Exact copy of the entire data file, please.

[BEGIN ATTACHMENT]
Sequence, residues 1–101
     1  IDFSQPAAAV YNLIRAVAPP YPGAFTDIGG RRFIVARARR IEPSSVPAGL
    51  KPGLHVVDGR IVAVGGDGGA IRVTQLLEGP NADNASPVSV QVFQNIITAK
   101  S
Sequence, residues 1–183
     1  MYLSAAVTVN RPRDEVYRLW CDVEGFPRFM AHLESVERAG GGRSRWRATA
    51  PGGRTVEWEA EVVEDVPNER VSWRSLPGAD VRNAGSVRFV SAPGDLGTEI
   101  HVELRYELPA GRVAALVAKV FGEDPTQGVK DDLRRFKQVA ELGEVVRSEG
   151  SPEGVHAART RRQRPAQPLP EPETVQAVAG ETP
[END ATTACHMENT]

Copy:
Sequence, residues 1–101
     1  IDFSQPAAAV YNLIRAVAPP YPGAFTDIGG RRFIVARARR IEPSSVPAGL
    51  KPGLHVVDGR IVAVGGDGGA IRVTQLLEGP NADNASPVSV QVFQNIITAK
   101  S
Sequence, residues 1–183
     1  MYLSAAVTVN RPRDEVYRLW CDVEGFPRFM AHLESVERAG GGRSRWRATA
    51  PGGRTVEWEA EVVEDVPNER VSWRSLPGAD VRNAGSVRFV SAPGDLGTEI
   101  HVELRYELPA GRVAALVAKV FGEDPTQGVK DDLRRFKQVA ELGEVVRSEG
   151  SPEGVHAART RRQRPAQPLP EPETVQAVAG ETP